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Adam Carter was recently elected to the Board of Directors of the Illinois Association of Defense Trial Counsel, the state’s preeminent community of defense attorneys.  On June 24, Adam attended the IDC’s annual meeting and awards banquet where he was installed as a new Board member.  He will serve a three-year term.

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CRAY HUBER ATTORNEYS SECURE MEDICAL MALPRACTICE TRIAL VICTORY

Daniel Cray and Benjamin Beringer successfully defended the actions of a neurologist and his employer in a medical malpractice suit brought on behalf of a patient rendered a quadriplegic by post-surgical complications.  The injured plaintiff’s wife also sued after giving up her job to be her husband’s 24 hour a day attendant care giver.

Plaintiff argued the neurologist failed to appreciate and act upon an emergency situation where plaintiff’s blood pressure was not perfusing his spinal cord.  The Cray Huber attorneys argued that the lower blood pressure was not an emergency and was due to medications, including two narcotics.  The defense also argued that the proximate cause of plaintiff’s quadriplegia was a rare and unpredictable reperfusion injury occurring after an acute decompressive laminectomy.

The jury deliberated nine hours before rendering its verdict.  Plaintiffs had asked for $40,000,000, including almost $10,000,000 in past and future medical and $2,000,000 in future salary and benefits.  After the verdict, the following testimonials were received from the neurologist and the president of the neurology clinic:

“Dear Dan:

You (most especially you), Ben and Rodney, not only restored my trust in the justice system, but also made me appreciate your profession in its pursuit of the truth.  Your going out of your way to meet with me at various odd times demonstrated your professionalism and was very reassuring.  I must say you stand out among the lawyers I have ever met.  Thank you from the bottom of my heart.”

“Dear Dan and Ben:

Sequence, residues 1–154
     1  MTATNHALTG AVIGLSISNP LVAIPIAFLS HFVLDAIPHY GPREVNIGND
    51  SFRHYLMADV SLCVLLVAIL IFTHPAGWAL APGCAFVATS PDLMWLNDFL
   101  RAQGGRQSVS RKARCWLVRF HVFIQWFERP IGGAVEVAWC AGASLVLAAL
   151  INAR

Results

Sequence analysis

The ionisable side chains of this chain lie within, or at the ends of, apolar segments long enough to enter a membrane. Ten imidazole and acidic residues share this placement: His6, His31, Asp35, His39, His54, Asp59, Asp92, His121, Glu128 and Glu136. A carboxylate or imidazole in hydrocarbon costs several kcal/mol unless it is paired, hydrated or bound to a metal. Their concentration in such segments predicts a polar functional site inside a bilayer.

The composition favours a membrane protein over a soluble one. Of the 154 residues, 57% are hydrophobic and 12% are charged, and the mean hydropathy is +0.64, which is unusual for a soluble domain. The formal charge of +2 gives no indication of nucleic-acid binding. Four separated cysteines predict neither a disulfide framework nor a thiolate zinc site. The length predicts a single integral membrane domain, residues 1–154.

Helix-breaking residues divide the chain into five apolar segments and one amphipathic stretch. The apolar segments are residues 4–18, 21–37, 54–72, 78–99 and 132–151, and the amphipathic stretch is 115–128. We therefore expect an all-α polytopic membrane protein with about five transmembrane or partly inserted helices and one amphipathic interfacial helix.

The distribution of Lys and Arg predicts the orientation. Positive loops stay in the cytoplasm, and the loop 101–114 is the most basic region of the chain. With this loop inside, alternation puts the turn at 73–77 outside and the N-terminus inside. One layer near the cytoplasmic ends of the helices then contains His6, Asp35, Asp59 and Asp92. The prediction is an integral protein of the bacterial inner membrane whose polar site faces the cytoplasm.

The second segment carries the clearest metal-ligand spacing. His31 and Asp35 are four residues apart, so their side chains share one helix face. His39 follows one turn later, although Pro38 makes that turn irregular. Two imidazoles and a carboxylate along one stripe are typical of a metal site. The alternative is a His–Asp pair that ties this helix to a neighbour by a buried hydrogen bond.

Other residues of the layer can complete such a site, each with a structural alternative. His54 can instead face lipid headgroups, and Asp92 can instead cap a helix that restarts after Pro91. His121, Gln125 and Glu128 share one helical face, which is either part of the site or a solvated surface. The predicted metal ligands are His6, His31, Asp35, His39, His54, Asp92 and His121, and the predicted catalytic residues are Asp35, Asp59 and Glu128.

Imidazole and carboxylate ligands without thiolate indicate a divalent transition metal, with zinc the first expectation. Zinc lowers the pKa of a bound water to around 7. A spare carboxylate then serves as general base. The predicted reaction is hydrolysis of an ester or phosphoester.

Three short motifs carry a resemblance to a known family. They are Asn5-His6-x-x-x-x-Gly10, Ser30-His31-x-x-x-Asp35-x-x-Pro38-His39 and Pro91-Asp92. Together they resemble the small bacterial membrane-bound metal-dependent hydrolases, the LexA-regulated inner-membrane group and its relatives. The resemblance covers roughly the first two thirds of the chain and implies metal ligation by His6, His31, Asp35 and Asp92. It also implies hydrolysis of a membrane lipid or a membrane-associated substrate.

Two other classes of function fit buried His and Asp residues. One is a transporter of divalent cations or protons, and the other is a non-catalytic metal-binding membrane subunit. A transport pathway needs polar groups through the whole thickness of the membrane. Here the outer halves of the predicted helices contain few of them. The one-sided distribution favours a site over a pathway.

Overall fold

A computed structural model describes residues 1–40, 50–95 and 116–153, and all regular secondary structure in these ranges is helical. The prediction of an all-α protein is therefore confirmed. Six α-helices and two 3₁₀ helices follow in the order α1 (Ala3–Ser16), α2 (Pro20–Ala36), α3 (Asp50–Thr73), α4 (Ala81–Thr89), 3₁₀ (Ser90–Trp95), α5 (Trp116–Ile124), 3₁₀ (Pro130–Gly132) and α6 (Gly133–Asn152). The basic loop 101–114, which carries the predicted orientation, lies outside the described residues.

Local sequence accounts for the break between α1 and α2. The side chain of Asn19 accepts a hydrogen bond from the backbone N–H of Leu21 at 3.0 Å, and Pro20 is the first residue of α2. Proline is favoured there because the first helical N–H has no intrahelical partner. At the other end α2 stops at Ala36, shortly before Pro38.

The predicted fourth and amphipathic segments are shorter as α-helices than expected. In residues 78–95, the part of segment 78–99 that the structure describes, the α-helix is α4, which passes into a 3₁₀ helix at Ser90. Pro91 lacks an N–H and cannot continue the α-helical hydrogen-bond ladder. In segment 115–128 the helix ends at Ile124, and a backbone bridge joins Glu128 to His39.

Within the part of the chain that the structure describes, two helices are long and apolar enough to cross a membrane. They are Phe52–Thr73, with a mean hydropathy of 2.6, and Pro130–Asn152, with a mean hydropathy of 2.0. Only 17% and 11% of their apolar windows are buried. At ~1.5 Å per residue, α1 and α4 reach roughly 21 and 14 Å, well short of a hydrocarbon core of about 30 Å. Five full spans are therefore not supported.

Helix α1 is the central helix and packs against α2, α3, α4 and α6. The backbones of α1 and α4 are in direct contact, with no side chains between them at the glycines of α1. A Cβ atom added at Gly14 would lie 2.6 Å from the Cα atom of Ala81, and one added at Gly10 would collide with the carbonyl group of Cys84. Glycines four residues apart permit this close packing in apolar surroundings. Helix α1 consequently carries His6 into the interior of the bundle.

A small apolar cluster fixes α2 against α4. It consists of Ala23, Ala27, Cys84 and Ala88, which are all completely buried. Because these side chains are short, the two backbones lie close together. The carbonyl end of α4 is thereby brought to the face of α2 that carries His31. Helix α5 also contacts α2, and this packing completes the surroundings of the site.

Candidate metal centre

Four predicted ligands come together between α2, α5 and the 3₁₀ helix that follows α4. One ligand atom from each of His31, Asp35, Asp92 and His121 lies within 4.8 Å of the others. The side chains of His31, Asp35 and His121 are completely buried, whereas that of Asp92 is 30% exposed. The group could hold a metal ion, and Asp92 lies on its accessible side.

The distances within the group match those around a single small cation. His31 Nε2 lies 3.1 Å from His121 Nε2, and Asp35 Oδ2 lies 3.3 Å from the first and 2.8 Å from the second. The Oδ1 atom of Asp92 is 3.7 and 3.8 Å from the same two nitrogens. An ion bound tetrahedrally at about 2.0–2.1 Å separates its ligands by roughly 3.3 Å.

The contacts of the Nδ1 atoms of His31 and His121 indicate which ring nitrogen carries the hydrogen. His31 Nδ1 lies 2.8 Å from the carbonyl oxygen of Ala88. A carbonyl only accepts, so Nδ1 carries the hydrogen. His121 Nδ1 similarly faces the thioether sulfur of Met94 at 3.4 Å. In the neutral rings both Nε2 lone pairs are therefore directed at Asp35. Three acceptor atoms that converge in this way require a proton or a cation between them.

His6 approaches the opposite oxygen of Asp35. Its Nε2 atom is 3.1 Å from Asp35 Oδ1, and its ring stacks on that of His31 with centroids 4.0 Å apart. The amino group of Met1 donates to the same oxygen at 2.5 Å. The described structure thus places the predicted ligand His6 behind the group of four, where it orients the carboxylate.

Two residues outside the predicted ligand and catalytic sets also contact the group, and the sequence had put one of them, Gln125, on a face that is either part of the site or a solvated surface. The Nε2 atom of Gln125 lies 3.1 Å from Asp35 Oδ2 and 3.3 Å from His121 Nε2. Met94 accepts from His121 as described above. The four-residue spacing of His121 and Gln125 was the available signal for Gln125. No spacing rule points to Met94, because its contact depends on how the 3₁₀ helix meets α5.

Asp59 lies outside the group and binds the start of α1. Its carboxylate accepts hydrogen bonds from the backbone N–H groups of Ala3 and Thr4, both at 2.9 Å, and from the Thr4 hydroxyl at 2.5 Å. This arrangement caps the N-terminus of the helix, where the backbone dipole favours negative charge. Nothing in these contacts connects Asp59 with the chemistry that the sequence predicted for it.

I hope you were able to get a few days of rest after the enormous and exhausting work you put in defending me.  I do not believe I had anyone ever fighting for me as hard as you did.  I thank you from the bottom of my heart not only for your exceptional expertise and professionalism, but especially for the genuine respect, trust and compassion toward me.  I truly felt being among friends from the first minute to the last.  I want you to regard me as your friend as well.  And I want you to know that I would be honored to do a good deed for you someday too.  I would also like to offer my personal thanks to Rodney for his dedicated work on this case for many years.”

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On June 16, Jeff Siderius conducted an online WebEx client training session on Illinois target tenders and how they are used.

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On May 23, Stephen W. Heil participated in an Athletic Trainers Concussion Panel that focused on concussion evaluations and return to play policies.

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Adam C. Carter co-authored the new Monograph for the IDC Quarterly entitled, “Just When You Thought You Knew Who You Represented:  A New Decision May Upset the Law Regarding Attorney Liability to Third Parties.”  Monograph, IDC Quarterly, Volume 26, Number 2.

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On May 23, the Cray Huber appellate department won an important choice-of-law issue in the First District Appellate Court. Under the Illinois Supreme Court’s opinion in Bridgeview Health Care Center, Ltd. v. State Farm Fire & Casualty Company, 2014 IL 116389, Illinois courts cannot undertake a choice of law analysis unless they first determine that an “actual conflict” exists between the laws of two of more states. After Bridgeview, courts have struggled with defining when an “actual conflict” exists. This is important, because if no “actual conflict” exists, Illinois courts are not authorized to undertake a choice-of-law analysis, which means that the law of the forum state automatically applies by default.

This case presented the question of whether an “actual conflict” exists when one state has a statute on a topic but another state does not have such a statute. In this case Illinois had a statute that required 30 days prior notice of exclusions that are added a the time of renewal of an insurance policy, but Indiana had no such statute. Cray Huber’s client (Cincinnati Insurance Company) argued that this created an “actual conflict” requiring the court to undertake a choice-of-law analysis. Cray Huber’s opponent argued that there can never be an “actual conflict” when a state has no law on a topic, because the absence of law in a state means there is no law in that state, not that there is conflicting law. The Appellate Court adopted Cray Huber’s side of the argument, holding that an “actual conflict” existed between the law of Illinois (which had a statute requiring prior notice) and Indiana law (which had no prior notice statute).

The Appellate Court ordered the lower court to undertake a choice-of-law analysis rather than automatically applying Illinois law by default. On remand, Cincinnati Insurance Company will seek a ruling that Indiana law applies, which will allow it to enforce a coverage exclusion that was added to its renewal policy without 30 days prior notice of the change.